The only problem with the side quests was that they’re typically fetch quests with a few instances of combat thrown in for good measure, with not many of them feeling too substantial from a gameplay perspective. There’s a lot of backtracking involved too; you’re given the freedom to explore almost the whole of South Park quite early in the game, so re-visiting the same locations could grow a little tiring over time. Thankfully, the absurd situations and fantastic writing of the game make the side quests feel worthwhile, though in a game that didn’t have as much of a personality they could’ve easily been seen as a bit of a hindrance.
At least the main quests are a lot more fleshed out and take you to a wider variety of locations, some of which have some really clever twists upon them. I don’t want to spoil anything here for players, so let’s just say to expect the unexpected whilst venturing through what might seem like normal locations. More importantly though, the main quests often brought something different to combat too, with some pretty epic boss encounters on show as well as some unique scenarios that don’t necessarily demand that you beat enemies as much as you run away from them. There’s simply no doubting that the meatier main missions were the pick of the bunch and probably the most enjoyable endeavours you’d take part in during your time with South Park: The Fractured but Whole.
Outside of battling and completing quests, it’s enjoyable just to explore the town of South Park and uncover its many secrets and puzzles. You have the freedom to adventure through the entirety of the town and visit all of its buildings, with each one full to the brim with references to the show or little Easter eggs to uncover.
There’s an ‘Inspection Mode’ in place too, which feels very similar to the Arkham Games’ ‘Detective Mode’ in that it lets you examine the environment carefully and points out any hidden objects or clues. This might be to identify objects that you can destroy with firecrackers, to find any big obstacles that can be toppled with Captain Diabetes’ super strength, or to locate any hard to reach locations that require the Human Kite’s ‘farkour’ abilities to reach. As you progress through the game you’ll unlock some buddy abilities that allow you to reach previously inaccessible areas, so you’ll continually uncover more things in the environment from start to end. These abilities also utilise farts in clever (and often disturbing) ways too, so they’re always entertaining to witness.
Visually, South Park: The Fractured but Whole looks incredibly impressive; it’s probably become a bit of a cliché to say at this point, but it’s almost like you’re watching an episode of the TV show. The animations are on point, the interpretation of a South Park driven by superheroes is amazing, whilst the voice acting is bloody great too. It’s everything you’d expect from the studio.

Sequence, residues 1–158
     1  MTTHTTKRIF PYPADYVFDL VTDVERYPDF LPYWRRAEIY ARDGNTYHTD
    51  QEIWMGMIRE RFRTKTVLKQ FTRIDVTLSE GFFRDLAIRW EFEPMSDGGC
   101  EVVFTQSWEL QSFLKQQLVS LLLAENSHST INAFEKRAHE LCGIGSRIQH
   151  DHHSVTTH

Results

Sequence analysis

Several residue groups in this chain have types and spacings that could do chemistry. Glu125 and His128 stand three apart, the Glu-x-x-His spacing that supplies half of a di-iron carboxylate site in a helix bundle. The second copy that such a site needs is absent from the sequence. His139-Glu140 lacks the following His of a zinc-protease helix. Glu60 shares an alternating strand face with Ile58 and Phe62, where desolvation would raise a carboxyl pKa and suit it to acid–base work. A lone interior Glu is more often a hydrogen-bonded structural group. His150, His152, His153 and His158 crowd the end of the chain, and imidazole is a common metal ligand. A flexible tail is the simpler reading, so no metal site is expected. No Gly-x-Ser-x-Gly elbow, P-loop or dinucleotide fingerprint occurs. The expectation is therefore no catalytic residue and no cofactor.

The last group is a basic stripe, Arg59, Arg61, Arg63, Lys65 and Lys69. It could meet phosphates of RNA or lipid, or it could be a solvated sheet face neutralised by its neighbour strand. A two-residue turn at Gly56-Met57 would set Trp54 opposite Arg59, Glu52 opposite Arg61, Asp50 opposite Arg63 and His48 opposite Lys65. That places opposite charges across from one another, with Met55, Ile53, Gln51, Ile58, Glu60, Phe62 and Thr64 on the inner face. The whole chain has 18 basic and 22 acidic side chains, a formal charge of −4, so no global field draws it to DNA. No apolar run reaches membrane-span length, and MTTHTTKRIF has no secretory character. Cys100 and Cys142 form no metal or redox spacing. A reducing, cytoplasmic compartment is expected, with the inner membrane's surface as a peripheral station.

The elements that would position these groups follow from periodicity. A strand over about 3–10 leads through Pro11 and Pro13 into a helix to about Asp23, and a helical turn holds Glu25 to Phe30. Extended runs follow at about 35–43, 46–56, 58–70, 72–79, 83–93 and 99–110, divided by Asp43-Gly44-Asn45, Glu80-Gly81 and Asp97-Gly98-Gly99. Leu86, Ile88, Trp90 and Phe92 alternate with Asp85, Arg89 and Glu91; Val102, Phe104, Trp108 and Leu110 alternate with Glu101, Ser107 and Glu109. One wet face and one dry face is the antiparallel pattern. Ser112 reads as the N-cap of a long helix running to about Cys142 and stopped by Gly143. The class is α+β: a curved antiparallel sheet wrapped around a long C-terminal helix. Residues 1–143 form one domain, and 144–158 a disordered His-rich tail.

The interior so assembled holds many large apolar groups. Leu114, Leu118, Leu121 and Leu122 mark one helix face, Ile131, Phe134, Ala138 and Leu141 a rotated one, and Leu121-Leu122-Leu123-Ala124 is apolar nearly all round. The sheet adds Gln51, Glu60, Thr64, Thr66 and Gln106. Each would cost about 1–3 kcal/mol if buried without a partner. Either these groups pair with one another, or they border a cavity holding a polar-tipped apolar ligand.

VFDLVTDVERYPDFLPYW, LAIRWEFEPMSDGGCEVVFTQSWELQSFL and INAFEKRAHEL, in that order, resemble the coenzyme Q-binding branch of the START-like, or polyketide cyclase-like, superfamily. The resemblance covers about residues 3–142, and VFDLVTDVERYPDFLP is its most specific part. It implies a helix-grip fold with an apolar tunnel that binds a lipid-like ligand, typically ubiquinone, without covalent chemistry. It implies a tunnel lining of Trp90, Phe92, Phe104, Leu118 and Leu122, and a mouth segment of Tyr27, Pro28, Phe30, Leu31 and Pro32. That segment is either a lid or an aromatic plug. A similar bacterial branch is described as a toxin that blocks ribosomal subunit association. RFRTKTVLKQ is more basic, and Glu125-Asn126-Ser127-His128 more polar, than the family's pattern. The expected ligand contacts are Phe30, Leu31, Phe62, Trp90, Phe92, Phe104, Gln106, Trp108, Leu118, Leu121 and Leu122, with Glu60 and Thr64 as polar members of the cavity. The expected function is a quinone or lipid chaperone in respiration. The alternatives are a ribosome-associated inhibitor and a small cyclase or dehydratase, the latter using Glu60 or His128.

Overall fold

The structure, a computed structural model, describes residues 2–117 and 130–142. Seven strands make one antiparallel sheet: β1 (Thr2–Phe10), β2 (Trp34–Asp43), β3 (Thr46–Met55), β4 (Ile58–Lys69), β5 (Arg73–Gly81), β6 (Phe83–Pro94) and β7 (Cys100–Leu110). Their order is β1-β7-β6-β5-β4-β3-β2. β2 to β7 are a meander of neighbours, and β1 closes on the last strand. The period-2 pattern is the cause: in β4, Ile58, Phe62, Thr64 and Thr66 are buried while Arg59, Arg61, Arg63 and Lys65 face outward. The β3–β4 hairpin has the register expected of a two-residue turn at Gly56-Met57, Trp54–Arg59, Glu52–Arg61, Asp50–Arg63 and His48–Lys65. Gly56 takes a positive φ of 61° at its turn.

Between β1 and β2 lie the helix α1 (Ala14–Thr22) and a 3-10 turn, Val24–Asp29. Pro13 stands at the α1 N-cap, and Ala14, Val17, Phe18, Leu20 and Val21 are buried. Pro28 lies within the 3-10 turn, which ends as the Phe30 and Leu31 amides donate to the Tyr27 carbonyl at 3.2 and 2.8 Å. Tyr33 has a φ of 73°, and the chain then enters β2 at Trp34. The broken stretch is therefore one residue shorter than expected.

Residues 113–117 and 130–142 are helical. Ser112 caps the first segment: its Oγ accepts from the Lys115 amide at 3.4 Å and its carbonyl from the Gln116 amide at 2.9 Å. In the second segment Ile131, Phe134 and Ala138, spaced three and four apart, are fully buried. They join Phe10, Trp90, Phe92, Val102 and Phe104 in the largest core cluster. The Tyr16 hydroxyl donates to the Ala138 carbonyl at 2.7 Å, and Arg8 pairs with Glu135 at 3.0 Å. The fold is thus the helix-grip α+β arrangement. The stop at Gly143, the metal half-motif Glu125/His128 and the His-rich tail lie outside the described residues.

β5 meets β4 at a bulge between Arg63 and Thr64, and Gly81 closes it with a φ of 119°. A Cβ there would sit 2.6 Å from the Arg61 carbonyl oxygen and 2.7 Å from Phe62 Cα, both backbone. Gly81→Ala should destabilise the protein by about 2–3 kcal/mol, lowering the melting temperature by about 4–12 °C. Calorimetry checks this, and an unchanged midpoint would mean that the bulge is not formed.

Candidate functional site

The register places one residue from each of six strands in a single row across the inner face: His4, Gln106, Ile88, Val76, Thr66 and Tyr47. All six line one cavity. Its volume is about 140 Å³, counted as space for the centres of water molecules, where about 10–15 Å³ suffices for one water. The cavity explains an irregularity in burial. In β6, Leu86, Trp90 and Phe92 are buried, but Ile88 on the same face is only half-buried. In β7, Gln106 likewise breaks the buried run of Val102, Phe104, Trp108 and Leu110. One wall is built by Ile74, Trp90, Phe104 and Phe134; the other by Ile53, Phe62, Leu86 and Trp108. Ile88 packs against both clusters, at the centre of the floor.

However, I did notice a few glitches here and there. The most obvious one was that characters would often speak, but there’d be no sound to go alongside it. Sometimes the sound would actually kick in a few seconds late, but would then get cut off when the speaking animation was finished. There were also a couple of occasions where characters would move in cutscenes, but it would be staggered as if they were stuck in one spot – this wasn’t so common though, with it only occurring a couple of times during my playthrough. Lastly, some of the load times were a pain, with constant loading screens often breaking up the smooth transition of freely exploring the town and its buildings. None of these issues ruin the game by any means, but they were certainly noticeable.
I thoroughly enjoyed my twenty-hour adventure through South Park: The Fractured but Whole, with the game offering plenty of the things I loved about The Stick of Truth but also evolving upon the formula with its new premise and its surprisingly deep combat mechanics. Don’t get me wrong, you’re not going to be partaking in some epic in-depth RPG action with complicated systems in place, but I was pleasantly surprised to see that the game actually had more than enough unique ideas of its own and never just relied upon the brand to do the hard work.
There are so many zany and outright disturbing things I could talk about in this review, but the absurdity of South Park: The Fractured but Whole is best appreciated when witnessed yourself. It really is something special and those who love the show (or have a very juvenile sense of humour) will have a smile on their face from the start up until the very end.
There are a few flaws in place, both technical and from a gameplay perspective, but in all South Park: The Fractured but Whole offers an entertaining adventure that’ll keep both fans of the show and gamers alike enthralled until the end credits. Just stay away if you’re easily offended…